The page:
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To set the scene, imagine that you’ve been transported to Britain, near the start of May 2010.

It’s actually sunny*, ‘Airplanes’ is well on the way to being the most overplayed song of the year, and there’s an election coming up.

Like there would be normally, there’s certainly focus on the battle between the ‘big two’ parties: the Labour Party which was lead by the then Prime Minister, Gordon Brown; and the Conservative Party, which was lead by the somewhat more charismatic David Cameron.

But, at the same time, according to legend, there were 4 words that everyone and their dogs had on their lips: “I agree with Nick”.

That is to say, Nick Clegg, the leader of the Liberal Democrats. There had just been a series of live tv debates starring the leaders of the 3 biggest parties at the time (UKIP were around back then, but pretty much insignificant) and, while even Gordon Brown hadn’t done badly, Nick Clegg was the unquestioned winner of them. He seemed genuine, and, maybe more importantly, the Lib Dems were neither Labour nor Tory at a time when faith in either party was at a low. They also had some really progressive policies.

Most notably, they’d all signed a pledge not to support any future rise in tuition fees.

I’m honestly not really doing justice here to the heady heights of ‘Cleggmania’. People really were super into him.

So, no one was really surprised that a. we had a hung parliament and b. the outcome of this was a coalition between the Liberal Democrats and the Conservative party (well, maybe a bit by this development, but it was either a Con Dem coalition or a convoluted one of every left-of-tory party going). Things were, according to legend, looking up. Then David Laws, the Lib Dem  Chief Secretary of the Treasury found a note left by his predecessor, Liam Bryne. It read ‘Dear chief secretary, I'm afraid there is no money. Kind regards – and good luck! Liam.’. Bryne claimed it was a joke, and, as far as jokes go, this is quite possibly the most destructive in British history (he’d apologise. Eventually).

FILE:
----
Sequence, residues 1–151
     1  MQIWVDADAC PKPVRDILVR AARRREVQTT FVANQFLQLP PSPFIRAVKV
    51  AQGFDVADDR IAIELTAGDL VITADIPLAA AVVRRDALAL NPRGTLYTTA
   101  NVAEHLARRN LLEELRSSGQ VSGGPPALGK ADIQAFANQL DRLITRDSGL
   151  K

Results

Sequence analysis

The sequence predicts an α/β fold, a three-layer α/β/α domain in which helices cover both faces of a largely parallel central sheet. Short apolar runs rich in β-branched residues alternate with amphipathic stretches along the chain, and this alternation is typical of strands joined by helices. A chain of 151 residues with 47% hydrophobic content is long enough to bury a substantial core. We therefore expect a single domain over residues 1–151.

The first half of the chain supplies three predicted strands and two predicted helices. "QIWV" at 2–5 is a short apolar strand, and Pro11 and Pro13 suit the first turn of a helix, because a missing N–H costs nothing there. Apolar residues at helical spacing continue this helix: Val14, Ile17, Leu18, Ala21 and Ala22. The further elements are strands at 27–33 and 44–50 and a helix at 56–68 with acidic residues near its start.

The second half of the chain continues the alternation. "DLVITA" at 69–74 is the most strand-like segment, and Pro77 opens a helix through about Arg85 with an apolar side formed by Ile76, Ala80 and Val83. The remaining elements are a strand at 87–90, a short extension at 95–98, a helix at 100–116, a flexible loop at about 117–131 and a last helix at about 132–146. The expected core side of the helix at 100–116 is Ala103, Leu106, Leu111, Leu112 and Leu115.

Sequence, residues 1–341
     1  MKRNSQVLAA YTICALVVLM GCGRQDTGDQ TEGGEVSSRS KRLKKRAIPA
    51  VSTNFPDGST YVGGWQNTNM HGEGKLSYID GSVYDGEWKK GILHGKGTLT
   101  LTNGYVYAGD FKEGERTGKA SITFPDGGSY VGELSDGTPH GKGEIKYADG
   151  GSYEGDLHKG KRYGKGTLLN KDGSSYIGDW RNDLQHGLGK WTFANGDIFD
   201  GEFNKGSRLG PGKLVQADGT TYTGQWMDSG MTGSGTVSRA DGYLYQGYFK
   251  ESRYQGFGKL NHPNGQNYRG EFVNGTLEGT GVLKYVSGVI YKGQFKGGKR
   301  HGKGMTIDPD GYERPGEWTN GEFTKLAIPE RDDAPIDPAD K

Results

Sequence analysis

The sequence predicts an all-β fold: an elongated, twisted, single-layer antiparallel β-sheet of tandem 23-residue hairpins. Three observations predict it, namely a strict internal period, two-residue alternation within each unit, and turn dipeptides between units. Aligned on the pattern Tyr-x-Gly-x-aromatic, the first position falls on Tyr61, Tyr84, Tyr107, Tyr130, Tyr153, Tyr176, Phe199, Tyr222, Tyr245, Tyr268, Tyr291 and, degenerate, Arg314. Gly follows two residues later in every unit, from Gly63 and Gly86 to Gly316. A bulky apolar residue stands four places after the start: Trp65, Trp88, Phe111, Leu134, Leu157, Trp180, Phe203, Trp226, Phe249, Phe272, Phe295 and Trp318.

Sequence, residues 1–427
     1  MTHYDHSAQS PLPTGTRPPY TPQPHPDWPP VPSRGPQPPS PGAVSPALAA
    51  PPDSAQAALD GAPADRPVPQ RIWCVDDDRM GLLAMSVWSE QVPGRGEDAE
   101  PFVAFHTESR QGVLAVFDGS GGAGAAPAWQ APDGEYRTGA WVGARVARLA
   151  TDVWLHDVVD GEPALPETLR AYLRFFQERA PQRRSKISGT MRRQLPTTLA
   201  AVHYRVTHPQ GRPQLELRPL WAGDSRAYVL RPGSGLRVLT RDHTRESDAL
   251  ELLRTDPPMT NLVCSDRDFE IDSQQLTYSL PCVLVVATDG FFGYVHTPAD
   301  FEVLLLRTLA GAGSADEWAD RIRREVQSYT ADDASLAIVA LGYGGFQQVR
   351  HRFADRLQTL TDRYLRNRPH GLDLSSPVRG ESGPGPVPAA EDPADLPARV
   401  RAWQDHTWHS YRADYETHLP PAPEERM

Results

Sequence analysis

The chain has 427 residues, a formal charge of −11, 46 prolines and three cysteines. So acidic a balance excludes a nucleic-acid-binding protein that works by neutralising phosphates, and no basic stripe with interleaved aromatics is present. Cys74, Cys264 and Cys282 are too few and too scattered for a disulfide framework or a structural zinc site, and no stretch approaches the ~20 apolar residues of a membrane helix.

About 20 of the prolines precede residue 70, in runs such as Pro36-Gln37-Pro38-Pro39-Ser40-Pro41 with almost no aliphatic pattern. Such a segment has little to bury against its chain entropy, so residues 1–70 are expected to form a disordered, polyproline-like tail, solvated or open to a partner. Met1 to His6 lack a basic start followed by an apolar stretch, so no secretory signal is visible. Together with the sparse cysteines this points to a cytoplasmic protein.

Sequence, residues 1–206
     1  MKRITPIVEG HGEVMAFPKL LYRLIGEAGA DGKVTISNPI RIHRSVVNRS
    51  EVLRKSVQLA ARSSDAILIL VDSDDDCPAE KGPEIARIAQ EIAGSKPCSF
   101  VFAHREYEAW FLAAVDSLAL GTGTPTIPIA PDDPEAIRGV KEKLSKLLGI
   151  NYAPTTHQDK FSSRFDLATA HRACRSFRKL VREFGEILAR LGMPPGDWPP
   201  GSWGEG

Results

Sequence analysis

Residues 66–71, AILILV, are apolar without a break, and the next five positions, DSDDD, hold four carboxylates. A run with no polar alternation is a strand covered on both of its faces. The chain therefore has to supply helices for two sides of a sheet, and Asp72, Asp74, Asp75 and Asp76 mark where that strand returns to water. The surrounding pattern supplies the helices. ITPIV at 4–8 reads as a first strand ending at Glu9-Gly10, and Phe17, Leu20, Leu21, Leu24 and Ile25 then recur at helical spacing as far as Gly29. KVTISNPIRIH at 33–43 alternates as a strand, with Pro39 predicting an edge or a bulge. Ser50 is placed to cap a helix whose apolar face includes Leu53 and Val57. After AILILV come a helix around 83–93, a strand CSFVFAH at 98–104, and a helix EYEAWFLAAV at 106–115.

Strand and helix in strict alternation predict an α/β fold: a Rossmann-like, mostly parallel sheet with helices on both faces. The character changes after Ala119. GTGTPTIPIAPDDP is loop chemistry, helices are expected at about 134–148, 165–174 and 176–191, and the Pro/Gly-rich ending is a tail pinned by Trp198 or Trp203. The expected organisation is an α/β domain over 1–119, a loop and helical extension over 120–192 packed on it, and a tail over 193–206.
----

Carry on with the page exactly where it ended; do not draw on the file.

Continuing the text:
There’s a reason for the ‘according to legend’; the Tories had always been advocates of austerity, and by and large the debate in the election was about degree. But, at the same time, I’d say it was stuff like this that lead to Austerity (™) defining the political landscape for years to come (including the most recent election), and granted the impetus to ramp up the cuts further (little did we know that the Lib Dems weren’t lying when they claimed to be tempering the worst of it).

But this is a digression about something only tangentially related to what this post is really about.

For the next part of our tale we should actually skip ahead to October 2010, when the Browne Review (commissioned by the then Business Secretary, Peter Mandelson for the previous Labour Government in 2009) was published. Long story short, it recommended (summary taken from Wikipedia):

  • Removing the cap of £3,290 a year that universities could charge for tuition

  • Raising the point at which tuition fees loans are paid back from £15,000 to £21,000 a year

  • Changing the repayment scheme such that loans were only to be paid back at 9% of any income earned over £21,000

  • Giving part-time students equal entitlement to tuition under the Student Finance Plan

The Government decided to reject that top one, and instead cap things at £9000. But this still entailed a roughly threefold rise in fees.

Needless to say, the student unions weren’t happy.

This lead to a protest on the 10th November. Said protest lead to an invasion of Millbank tower and, though YMMV on that, was a major catalyst for the anti-cuts movement generally from the end of 2010 through to probably 2011. Certainly, as far as I’m concerned personally this was a formative moment.

There were further protests, and these were absolutely massive in scale and also police dickery (I’m being flippant, but it is something I do urge you to look into. The kettling alone - for instance students were kettled for 9-10 hours on 24 Nov, without access to toilets- is quite something).

They also didn’t work. The tuition fees rise passed, albeit only with a narrow majority. Narrow enough that, if 12 more Lib Dems had followed up on their promise and voted against the rise, it wouldn’t have passed.

Although I think the Lib Dems will be forgiven eventually, especially as the extent to which we owe them on the civil liberties front becomes more evident, the net result of this was that their parliamentary presence (and their European Parliamentary presence) was decimated in the 2015 elections, as people who decided that they quite liked the coalition (or who were just absolutely terrified of the SNP) voted Tory, and people who voted not-Toy decided to switch to voting for the Labour party instead. (for what it’s worth they did actually have 8% of the vote, and if the system was proportional they’d have about 50 seats, but, unfortunately, First Past the Post)

On the bright side, in 2012 Nick Clegg did apologise. After some autotuning, it became a minor pop hit, with the proceeds going to charity.

As a final note, I am well aware that this is very much just an ‘overview’ and I’ve glossed over a lot of stuff. This applies to all of these posts, but if someone wants to ask me something more specific they are more than welcome to.

Tune in 'tomorrow' for a closer look at how tuition fees and the like work in England.
*That is to say that I certainly recall this time period being fairly sunny (at least in the Midlands). The Met Office bears me out a bit - apparently sunshine levels were 10% above average, but I’m thinking of the start of the month, and it seems this was more towards the end of it. Ah well.


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Alicia

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